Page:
T cell assay procedure. IL Interleukin, IFN interferon, GM-CSF Granulocyte macrophage colony-stimulating factor, LPS lipopolysaccharide, PBMCs peripheral blood mononuclear cells, DC dendritic cell. Monocyte-derived Dendritic cells (DC) were separately loaded with keyhole limpet hemacyanin, KLH or with the therapeutic antibodies secukinumab, ixekizumab, adalimumab or ustekinumab and matured with lipopolysaccharide. CD4 T cells were stimulated by protein-loaded DCs and cultured during 21 days. Their antigen specificity was tested by IFN-γ ELISpot assay

Antibodies and Control Protein

Four therapeutic antibody samples (secukinumab, 150 mg/mL; ixekizumab, 90 mg/mL; adalimumab, 50 mg/mL; infliximab 10 mg/ml) were obtained from a pharmacy and stored according to the instructions provided. The four mAbs were reconstituted according to instructions in the package insert to ensure that quality of the material used in this study was equivalent to the quality of the preparations that patients inject to treat their disease. The mAbs were then diluted to the final concentration in cell culture medium. KLH was stored at − 20 °C as a 10 mg/mL stock solution in water. For the studies, an aliquot of KLH was thawed and immediately diluted to the required concentration in cell culture medium.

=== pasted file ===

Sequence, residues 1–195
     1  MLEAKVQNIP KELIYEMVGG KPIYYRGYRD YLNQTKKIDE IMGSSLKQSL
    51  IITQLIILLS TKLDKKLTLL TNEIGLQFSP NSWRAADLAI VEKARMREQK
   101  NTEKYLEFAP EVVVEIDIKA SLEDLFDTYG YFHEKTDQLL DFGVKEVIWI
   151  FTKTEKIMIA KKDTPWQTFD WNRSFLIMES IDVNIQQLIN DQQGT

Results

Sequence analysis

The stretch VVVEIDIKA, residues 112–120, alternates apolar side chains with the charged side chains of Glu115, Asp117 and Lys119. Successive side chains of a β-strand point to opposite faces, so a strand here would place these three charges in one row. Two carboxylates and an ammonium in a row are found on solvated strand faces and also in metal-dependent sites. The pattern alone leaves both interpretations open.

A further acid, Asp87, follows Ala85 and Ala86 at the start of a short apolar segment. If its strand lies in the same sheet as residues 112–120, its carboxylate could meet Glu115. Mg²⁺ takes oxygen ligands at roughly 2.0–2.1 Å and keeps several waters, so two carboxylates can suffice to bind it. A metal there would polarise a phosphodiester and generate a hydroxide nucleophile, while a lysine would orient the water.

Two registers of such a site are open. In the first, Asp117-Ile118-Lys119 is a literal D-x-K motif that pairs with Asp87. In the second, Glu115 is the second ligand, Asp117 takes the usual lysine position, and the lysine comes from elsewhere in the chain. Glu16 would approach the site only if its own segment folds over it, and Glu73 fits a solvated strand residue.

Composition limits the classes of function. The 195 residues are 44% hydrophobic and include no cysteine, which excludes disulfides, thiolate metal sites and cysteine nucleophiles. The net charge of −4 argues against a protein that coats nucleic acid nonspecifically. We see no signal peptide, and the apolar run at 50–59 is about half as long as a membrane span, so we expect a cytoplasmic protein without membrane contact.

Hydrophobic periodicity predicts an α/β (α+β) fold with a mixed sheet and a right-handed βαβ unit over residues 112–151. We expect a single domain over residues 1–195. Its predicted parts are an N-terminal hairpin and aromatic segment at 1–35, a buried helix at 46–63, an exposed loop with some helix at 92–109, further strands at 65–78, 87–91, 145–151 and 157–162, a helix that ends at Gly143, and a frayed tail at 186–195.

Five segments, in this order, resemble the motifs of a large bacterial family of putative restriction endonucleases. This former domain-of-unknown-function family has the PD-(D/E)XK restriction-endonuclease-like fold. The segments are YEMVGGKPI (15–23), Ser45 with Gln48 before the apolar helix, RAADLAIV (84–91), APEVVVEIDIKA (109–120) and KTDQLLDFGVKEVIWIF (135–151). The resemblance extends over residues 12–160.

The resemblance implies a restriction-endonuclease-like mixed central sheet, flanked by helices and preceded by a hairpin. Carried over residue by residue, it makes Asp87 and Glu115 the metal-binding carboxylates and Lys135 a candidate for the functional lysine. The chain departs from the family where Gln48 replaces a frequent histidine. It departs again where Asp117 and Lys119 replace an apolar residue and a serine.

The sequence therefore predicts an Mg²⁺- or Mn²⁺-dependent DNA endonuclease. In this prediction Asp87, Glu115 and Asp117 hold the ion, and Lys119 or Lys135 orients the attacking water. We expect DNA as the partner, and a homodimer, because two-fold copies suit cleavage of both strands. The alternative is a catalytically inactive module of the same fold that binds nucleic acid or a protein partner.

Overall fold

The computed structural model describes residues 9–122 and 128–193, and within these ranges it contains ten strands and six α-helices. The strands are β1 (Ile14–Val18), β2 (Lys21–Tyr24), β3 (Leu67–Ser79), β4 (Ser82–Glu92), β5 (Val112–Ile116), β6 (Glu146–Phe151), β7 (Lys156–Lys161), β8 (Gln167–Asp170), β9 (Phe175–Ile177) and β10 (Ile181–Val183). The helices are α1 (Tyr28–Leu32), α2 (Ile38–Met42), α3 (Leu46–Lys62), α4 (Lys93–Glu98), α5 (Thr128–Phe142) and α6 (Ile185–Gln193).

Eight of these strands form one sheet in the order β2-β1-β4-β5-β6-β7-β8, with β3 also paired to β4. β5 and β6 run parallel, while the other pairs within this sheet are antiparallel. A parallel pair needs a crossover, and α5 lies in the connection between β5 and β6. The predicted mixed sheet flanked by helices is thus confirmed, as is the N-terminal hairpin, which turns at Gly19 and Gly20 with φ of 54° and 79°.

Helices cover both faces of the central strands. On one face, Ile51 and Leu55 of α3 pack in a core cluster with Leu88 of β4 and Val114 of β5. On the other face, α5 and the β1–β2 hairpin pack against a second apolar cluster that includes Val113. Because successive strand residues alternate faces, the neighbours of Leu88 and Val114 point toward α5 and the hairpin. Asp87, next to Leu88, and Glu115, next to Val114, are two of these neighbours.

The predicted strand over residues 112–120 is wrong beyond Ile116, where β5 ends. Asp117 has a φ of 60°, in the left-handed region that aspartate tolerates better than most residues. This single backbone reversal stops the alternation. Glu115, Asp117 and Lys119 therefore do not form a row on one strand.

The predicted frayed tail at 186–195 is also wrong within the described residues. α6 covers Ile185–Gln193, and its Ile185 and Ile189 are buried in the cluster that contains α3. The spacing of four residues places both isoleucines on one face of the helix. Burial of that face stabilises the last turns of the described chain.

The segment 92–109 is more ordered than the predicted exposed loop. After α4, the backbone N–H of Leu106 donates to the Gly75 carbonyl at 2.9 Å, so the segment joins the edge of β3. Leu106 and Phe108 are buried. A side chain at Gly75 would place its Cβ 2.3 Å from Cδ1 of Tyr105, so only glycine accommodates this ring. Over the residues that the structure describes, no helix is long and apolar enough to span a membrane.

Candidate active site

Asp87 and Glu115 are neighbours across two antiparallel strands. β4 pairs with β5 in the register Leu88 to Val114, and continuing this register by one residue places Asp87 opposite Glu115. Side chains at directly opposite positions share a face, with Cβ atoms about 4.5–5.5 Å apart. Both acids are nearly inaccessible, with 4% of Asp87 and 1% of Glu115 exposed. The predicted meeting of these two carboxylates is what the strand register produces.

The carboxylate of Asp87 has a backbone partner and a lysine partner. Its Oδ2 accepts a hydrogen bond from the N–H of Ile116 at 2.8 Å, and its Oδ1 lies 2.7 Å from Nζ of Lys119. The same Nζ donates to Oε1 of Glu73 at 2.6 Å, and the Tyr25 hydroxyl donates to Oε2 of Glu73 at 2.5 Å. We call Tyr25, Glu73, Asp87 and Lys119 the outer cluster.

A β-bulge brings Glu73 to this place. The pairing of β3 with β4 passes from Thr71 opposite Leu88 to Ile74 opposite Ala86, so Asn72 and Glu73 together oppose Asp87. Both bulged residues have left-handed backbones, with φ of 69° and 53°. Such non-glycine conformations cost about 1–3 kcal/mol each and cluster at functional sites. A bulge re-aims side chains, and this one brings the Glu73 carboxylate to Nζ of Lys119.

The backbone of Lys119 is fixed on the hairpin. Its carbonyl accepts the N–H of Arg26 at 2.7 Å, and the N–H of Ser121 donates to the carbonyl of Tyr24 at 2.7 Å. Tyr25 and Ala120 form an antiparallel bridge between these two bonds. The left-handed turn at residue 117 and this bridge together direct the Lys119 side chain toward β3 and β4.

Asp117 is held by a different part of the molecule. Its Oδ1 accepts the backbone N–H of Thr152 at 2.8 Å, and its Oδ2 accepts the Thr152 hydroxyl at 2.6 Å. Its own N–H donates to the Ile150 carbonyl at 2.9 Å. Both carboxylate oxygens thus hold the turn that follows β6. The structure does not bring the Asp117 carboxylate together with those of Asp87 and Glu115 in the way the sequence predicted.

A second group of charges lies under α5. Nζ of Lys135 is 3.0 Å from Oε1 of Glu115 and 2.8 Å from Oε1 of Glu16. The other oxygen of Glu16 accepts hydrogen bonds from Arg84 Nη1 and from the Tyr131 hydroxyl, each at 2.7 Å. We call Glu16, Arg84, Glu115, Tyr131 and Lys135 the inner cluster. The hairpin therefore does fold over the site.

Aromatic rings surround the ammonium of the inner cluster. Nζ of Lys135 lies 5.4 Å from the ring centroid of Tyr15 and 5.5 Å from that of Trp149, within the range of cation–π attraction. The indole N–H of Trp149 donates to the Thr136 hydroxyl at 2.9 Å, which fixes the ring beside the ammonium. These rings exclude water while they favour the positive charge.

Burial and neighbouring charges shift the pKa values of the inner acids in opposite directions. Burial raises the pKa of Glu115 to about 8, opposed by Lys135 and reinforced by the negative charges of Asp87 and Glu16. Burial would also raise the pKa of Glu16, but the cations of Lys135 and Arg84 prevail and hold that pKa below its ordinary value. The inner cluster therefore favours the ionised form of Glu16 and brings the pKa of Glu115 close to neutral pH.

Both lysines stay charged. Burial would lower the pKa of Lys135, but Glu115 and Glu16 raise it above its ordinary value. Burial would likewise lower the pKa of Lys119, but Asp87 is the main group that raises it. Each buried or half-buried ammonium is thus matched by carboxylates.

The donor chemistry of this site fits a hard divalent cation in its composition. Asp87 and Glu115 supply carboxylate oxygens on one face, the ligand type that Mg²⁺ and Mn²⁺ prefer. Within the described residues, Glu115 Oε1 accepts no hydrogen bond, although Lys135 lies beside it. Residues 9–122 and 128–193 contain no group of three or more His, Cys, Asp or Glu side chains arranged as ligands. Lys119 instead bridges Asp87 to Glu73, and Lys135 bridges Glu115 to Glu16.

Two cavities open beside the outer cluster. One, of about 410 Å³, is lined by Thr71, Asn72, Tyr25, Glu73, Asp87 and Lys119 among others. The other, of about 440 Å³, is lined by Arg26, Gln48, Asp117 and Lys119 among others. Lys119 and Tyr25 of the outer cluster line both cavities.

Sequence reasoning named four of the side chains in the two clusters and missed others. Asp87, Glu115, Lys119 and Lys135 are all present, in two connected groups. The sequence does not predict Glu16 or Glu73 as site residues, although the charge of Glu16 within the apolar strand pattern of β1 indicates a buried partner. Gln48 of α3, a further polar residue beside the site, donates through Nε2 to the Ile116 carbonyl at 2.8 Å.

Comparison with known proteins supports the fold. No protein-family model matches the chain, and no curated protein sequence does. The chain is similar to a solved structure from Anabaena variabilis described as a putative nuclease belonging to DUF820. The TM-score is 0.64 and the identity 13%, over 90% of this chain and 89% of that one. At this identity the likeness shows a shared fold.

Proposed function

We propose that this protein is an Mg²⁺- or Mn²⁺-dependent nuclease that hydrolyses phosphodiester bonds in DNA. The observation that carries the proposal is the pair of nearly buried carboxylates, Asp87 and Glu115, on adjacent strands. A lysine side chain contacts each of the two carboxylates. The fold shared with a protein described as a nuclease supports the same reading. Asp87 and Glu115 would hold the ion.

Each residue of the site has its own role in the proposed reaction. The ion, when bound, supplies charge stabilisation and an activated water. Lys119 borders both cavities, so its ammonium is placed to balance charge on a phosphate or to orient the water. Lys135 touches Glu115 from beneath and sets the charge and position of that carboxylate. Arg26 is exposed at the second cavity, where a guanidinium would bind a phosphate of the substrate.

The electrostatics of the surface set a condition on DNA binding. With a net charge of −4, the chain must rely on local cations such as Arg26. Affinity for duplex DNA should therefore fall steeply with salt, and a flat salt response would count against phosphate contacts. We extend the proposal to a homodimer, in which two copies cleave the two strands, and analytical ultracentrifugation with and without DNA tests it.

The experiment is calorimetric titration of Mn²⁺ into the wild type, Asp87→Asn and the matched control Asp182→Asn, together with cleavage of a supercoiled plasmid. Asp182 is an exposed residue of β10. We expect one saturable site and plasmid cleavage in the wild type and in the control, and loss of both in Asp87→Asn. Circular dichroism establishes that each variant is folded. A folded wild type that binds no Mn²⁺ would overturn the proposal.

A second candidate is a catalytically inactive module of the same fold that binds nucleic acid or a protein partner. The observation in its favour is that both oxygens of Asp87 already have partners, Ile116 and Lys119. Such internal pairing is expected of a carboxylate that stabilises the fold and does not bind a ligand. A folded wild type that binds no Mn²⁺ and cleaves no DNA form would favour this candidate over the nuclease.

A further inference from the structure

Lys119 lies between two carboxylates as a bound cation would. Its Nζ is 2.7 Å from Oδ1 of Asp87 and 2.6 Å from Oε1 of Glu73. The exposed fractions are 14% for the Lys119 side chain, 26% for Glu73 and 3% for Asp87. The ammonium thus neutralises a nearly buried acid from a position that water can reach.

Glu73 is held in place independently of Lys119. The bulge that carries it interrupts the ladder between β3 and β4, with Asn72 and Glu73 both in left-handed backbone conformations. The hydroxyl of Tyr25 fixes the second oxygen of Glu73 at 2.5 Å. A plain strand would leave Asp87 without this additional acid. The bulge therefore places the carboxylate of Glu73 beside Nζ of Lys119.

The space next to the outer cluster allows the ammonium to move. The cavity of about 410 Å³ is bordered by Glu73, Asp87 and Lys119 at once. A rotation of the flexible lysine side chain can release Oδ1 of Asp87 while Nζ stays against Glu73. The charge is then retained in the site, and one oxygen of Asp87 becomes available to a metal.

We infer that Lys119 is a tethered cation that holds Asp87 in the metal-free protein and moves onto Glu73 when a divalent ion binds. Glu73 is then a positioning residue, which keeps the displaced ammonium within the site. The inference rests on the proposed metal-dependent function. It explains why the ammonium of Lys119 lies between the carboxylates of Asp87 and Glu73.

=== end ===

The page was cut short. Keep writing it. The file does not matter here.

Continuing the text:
T Cell Assay Data Analysis

CD4 T cell lines were considered specific when a spot count was 2-fold higher in the presence of the protein than in its absence, with a minimal difference of 25 spots. The frequency of pre-existing, specific CD4 T cells was calculated by considering that the CD4 T cell distribution at the initiation of the culture follows the Poisson distribution and the proportion of culture wells that were reacting to the protein. Calculations were based on the following formula: Frequency = − Ln ((Number of non-specific CD4+ T cell lines/Total number of CD4+ T cell lines seeded))/(Number of CD4+ T cells/well). The overall mean frequencies of protein-specific CD4 T cells and of responding donors were calculated with the data collected in all the donors [32].